Shortly after the birth of our twins, my husband and I began talking about expanding our passion for wine into making some of our own. We became clients of Crushpad in San Francisco and made a single barrel of pinot noir. I fell immediately in love with winemaking - the mix of science and art was a big draw for me. With my years in the path lab, I was very comfortable with the chemistry and biology components and loved how many different decisions were involved in crafting a well-made wine.  

We increased our production at Crushpad and stayed with them for the 2008 and 2009 vintages. During that time, I enrolled in the year-long enology certificate program at UC Davis and found the same passion for scientific exploration I had in pathology fulfilled with learning about the esoterics of winemaking. I began experimenting with taking the Crushpad “training wheels” off in the 2009 harvest when we crushed a small lot of Rockpile Zinfandel at a facility in Healdsburg – and I was totally hooked. 

We began sourcing our own fruit for our pinot program in 2010 and moved all of our production to Healdsburg. From day 1, my goal has always been to seek out the best growers in each of the appellations we want to work with. I was both naïve and fearless about cold-calling famed growers and asking for 1-2 tons of fruit. Some of them laughed out loud at my requests, but all of them ended up agreeing to work with us. It helped that I could rely on my old culinary school days to bake up cakes, pies, and galettes as bribes (something that continues to keep me in the good graces of our growers!).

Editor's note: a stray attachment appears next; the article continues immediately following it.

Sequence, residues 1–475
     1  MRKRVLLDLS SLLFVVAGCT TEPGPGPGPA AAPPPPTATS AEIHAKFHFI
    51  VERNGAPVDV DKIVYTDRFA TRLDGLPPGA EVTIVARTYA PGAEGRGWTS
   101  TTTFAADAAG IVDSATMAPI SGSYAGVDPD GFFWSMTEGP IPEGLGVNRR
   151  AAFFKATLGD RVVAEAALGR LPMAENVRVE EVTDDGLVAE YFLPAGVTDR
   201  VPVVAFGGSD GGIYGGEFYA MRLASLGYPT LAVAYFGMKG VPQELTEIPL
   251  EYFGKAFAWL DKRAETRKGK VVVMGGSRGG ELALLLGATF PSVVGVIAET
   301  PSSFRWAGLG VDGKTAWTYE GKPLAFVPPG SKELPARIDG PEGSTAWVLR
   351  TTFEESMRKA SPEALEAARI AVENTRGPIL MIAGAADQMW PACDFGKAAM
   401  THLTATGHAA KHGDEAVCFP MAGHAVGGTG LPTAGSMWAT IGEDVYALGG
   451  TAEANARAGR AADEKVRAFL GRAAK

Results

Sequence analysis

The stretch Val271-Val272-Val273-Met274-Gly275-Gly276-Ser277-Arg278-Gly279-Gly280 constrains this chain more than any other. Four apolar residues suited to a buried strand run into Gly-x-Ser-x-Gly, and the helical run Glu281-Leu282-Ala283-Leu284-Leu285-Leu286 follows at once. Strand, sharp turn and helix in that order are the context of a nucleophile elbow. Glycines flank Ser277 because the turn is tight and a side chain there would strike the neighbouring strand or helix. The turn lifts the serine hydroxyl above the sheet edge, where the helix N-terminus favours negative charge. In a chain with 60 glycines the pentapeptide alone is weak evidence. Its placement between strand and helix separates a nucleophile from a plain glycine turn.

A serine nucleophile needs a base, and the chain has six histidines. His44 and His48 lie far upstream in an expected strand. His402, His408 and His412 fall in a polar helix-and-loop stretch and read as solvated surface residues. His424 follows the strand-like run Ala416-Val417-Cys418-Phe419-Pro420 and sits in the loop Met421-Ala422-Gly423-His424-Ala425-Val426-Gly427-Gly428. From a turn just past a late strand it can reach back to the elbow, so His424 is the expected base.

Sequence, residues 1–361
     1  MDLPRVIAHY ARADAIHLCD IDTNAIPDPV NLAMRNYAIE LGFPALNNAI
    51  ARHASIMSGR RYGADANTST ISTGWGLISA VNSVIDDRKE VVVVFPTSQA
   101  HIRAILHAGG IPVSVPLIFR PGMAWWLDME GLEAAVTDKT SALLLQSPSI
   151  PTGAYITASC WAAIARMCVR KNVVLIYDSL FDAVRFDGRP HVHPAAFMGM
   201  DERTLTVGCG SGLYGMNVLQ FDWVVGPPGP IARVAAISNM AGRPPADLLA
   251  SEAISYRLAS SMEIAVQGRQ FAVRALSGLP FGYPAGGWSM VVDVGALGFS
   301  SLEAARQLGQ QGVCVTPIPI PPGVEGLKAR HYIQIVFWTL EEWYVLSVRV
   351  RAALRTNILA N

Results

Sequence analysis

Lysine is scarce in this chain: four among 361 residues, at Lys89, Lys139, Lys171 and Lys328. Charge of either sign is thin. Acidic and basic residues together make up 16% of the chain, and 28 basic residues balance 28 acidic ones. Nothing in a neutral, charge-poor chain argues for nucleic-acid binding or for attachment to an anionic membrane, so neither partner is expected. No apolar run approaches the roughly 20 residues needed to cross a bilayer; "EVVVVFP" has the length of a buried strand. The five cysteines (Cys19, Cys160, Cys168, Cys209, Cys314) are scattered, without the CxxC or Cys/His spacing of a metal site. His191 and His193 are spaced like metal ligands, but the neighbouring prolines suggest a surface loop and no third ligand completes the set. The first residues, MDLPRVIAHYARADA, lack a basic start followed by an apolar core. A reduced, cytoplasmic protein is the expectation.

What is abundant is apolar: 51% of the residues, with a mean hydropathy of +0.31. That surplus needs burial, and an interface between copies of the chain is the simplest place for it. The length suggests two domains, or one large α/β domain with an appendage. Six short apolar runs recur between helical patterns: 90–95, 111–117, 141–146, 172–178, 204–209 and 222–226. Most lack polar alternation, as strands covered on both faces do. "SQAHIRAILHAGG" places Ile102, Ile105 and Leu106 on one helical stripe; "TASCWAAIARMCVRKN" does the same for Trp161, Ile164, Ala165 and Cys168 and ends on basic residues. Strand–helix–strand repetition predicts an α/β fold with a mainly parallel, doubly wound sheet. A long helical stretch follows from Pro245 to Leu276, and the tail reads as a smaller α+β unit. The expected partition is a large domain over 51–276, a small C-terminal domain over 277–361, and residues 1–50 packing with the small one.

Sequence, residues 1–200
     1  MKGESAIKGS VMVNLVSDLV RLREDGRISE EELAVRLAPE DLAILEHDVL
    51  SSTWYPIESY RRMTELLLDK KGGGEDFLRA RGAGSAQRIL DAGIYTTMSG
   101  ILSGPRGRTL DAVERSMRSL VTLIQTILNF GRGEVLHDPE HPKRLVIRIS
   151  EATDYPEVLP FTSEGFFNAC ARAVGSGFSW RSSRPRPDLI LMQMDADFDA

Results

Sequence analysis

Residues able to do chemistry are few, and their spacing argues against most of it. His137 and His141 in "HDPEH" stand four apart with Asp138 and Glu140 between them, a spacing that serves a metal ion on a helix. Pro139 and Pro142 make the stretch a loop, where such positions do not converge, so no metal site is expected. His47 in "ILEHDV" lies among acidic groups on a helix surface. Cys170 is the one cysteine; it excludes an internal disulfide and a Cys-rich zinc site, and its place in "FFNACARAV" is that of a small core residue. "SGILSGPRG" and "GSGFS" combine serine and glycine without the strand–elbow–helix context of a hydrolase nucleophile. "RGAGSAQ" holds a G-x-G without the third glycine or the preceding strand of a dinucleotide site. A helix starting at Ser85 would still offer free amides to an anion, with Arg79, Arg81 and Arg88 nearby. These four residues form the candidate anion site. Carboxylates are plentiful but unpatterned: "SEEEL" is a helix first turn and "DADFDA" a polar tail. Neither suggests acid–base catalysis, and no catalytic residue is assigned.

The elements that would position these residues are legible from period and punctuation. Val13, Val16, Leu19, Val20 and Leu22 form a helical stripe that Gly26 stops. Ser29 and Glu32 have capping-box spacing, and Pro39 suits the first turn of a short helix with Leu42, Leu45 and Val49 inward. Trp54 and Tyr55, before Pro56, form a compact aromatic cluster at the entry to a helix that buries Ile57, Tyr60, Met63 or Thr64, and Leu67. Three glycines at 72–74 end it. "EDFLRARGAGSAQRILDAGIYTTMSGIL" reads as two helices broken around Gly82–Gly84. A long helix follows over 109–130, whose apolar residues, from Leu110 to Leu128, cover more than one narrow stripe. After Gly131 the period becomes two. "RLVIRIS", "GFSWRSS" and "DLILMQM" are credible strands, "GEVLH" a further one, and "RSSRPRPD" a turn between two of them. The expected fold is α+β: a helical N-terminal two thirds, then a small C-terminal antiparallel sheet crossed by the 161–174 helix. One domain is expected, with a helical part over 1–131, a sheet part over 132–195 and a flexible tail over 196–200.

We’re now going into our fifth harvest and I finally feel like I have a good idea of what I want to do with our wines and how to accomplish those goals. We’ve also recently purchased our own small pinot vineyard in the Russian River Valley. We’ll continue to work with our amazing grower partners, but it’s going to be a fun new challenge to work with our very own fruit through the entire winegrowing process. 

There’s no question that my medical background has provided me with a great science foundation to execute on my winemaking. And I always feel like I’ve come full circle when I’m invited into a medical conference or pharmaceutical company to give a presentation on the biotechnology of enology and my decision to leave medicine for winemaking. I usually lead off with a picture of me doing an autopsy during my first year of residency and then a picture of me harvesting grapes on a beautiful fall morning. That tends to stop any questions about why I choose to do what I do.”


About Bruliam Wines

“Bruliam Wines is a boutique producer of single vineyard premium wines. Established in 2008 by Kerith and Brian Overstreet, “Bruliam” is an amalgamation of our three children’s names. We strive to craft world-class wines and use 100% of our profits to support charitable endeavors. Since our 2008 inception, Bruliam has donated to over 30 unique, charitable organizations selected by our followers through our 'Bruliam Brigade' program. We’ve extensively documented our start-up and on-going growth on our blog.” 

Next Winemaker in the Spotlight: Janet Myers >>


To learn more, visit Bruliam Wines' website (don’t miss their hilarious, and truly well written blog), Facebook page and find them on TwitterOr read more articles about Bruliam Wines and Kerith Overstreet by Keith Hoffman.